Hearing a plea over the shortage of flour and hike in sugar prices, the Sindh High Court sought on Wednesday replies from the federal and Sindh governments.
It has been a long time since these crises emerged but none of the institutions are responding to it, maintained the petitioner, contending that there was a shortage of sugar and flour in the markets every other day but no one was looking into it.
Expressing annoyance at the federal and Sindh governments, the bench directed them to submit their replies before the court.
Razing and resettling
The SHC also accepted the plea filed by the Sindh government, seeking the transfer of a case, pertaining to the demolition of thousands of houses on the banks of the Indus River and irrigation land, from the Sukkur bench to Karachi.
SHC Chief Justice Ahmed Ali Shaikh ordered the transfer of the case from Sukkur to Karachi and the formation of a larger bench, comprising Justice Iqbal Kalhoro, Justice Shamsuddin Abbasi and Justice Agha Faisal, to hear the case.
The provincial government had maintained in the plea that razing thousands of houses, built on the bank of Indus River and land reserved for the canal system, could create a major crisis. It added that people should not be deprived of shelter without the provision of alternative accommodation.
The plea stated that thousands of families had built houses and settled on land belonging to the provincial irrigation, forest and agriculture departments, but the Sukkur bench had only ordered the removal of encroachments from the Indus' banks and the canal land.
The Sindh government further contended that razing the encroachments could adversely affect the residents of Badin, Larkana, Hyderabad and other cities, adding that it was making plans to provide alternative accommodation to the affectees.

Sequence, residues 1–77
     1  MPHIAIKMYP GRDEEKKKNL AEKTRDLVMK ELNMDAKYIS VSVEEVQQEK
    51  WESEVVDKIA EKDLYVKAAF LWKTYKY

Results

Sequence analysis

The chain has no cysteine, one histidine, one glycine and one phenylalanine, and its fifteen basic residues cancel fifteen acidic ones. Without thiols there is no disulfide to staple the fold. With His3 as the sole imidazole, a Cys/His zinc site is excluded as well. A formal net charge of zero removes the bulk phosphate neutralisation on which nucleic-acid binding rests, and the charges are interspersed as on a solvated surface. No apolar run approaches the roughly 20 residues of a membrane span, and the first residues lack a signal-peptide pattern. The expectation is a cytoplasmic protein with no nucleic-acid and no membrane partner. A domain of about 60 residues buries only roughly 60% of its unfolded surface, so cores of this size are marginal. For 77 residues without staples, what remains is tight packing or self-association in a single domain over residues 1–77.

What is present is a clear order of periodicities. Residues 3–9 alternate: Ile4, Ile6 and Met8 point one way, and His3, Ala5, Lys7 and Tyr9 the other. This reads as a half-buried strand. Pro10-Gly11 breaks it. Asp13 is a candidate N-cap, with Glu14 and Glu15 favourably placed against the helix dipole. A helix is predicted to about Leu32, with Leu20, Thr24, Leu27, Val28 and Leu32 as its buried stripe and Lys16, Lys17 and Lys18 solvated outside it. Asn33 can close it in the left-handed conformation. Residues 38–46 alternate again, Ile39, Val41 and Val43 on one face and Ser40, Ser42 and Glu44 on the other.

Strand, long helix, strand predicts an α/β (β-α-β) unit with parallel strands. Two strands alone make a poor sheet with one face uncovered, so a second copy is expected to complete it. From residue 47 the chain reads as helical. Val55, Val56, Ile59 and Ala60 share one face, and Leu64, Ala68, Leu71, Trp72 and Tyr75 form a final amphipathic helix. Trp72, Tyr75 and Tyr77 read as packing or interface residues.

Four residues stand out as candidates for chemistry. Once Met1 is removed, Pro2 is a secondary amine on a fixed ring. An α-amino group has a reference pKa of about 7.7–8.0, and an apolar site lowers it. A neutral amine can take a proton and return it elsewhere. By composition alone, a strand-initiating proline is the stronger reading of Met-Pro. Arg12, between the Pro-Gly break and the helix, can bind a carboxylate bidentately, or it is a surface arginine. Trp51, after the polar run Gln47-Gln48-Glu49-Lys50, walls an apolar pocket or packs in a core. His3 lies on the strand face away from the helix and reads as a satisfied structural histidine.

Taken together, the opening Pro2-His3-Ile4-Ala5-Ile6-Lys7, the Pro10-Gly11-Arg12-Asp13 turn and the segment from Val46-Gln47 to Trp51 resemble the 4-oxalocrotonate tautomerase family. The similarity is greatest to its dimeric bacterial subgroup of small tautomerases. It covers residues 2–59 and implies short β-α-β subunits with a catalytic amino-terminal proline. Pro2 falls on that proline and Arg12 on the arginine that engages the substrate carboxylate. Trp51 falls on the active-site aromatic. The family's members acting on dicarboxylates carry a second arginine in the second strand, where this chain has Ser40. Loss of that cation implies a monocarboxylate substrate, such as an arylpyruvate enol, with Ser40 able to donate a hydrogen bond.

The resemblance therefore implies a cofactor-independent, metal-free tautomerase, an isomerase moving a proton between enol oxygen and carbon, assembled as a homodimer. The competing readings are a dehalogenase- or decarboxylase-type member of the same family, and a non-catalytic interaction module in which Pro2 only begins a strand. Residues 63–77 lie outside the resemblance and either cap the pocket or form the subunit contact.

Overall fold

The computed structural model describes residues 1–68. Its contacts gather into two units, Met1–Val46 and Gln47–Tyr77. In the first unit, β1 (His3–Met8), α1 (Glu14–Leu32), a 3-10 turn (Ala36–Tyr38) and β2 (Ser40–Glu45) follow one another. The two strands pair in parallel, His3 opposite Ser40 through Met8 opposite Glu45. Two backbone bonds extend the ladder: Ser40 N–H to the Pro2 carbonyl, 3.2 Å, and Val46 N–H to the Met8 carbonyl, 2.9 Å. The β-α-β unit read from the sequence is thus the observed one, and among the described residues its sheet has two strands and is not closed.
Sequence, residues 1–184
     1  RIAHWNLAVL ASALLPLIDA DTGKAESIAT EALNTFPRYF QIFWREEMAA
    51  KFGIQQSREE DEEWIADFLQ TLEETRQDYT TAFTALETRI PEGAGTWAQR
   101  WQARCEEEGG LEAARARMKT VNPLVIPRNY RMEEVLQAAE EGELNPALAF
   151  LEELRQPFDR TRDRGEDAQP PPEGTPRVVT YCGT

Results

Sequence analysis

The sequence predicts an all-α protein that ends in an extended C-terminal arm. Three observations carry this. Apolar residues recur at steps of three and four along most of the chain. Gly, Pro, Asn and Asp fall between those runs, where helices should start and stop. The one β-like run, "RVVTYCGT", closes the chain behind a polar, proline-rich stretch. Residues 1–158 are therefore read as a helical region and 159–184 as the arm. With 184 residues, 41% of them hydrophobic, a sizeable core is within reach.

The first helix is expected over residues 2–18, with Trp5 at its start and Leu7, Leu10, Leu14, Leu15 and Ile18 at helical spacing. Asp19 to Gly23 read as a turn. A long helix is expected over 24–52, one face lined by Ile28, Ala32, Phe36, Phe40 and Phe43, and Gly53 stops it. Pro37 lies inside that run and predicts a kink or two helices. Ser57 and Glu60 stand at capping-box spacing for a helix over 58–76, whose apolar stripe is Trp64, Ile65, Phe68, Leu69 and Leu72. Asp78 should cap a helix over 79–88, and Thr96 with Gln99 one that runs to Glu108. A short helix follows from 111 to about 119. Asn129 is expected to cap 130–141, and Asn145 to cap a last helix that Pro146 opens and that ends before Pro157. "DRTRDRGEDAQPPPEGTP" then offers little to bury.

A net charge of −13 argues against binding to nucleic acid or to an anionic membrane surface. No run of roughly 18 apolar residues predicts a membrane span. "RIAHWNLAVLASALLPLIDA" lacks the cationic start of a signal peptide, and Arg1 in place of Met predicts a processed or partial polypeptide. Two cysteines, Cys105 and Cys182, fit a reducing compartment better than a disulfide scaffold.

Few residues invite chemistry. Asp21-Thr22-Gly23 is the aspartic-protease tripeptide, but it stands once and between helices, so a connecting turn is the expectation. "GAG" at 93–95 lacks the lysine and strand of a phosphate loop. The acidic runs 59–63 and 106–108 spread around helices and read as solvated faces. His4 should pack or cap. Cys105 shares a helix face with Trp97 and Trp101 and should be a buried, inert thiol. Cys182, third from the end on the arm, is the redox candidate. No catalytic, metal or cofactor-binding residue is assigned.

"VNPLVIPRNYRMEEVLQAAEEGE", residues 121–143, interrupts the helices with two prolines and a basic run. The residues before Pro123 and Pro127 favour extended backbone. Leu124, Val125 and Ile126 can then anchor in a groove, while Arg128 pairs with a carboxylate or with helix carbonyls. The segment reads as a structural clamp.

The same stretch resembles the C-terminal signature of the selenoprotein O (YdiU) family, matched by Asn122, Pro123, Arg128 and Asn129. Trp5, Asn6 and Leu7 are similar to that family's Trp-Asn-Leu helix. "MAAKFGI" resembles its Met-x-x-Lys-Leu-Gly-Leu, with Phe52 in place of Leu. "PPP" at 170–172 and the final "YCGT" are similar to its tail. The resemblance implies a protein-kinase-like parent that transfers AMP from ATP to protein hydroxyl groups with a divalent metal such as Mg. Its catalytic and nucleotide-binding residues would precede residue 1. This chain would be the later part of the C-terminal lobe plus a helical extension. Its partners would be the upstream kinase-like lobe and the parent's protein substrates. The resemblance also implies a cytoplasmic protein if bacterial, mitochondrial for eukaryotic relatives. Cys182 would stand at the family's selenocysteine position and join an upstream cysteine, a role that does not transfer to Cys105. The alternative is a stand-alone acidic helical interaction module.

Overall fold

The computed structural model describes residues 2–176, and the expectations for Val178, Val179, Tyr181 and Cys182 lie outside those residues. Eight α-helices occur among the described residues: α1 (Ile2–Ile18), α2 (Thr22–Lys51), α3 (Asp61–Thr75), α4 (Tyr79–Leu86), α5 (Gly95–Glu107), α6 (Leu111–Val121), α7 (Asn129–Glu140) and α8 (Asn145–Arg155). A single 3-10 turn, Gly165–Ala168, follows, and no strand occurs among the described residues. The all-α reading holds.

Meanwhile, another bench allowed the petitioner to file a contempt of court plea against Sindh Chief Minister Syed Murad Ali Shah, over the non-provision of promotions to 10,000 lecturers in 31 years. The court gave a final extension until Friday to the Sindh government.
The additional advocate general (AAG) informed the court that a summary had been sent to the cabinet and would soon be approved, at which the petitioner's counsel pointed out it had not been included in Wednesday's cabinet meeting agenda.
Justice Mazhar asked why it was not included when the court had ordered so. At this, the AAG responded it would be included in the next cabinet meeting's agenda.
Irked, the court asked whether the AAG wanted the SHC to send notice to the CM, adding that the issue should be included in the next meeting's agenda and judicial orders should be implemented.
The AAG sought another extension for the implementation of the orders. Though replying that it appeared judicial orders were intentionally being violated, the court gave the Sindh government an extension until December 11.
Published in The Express Tribune, December 10th, 2020.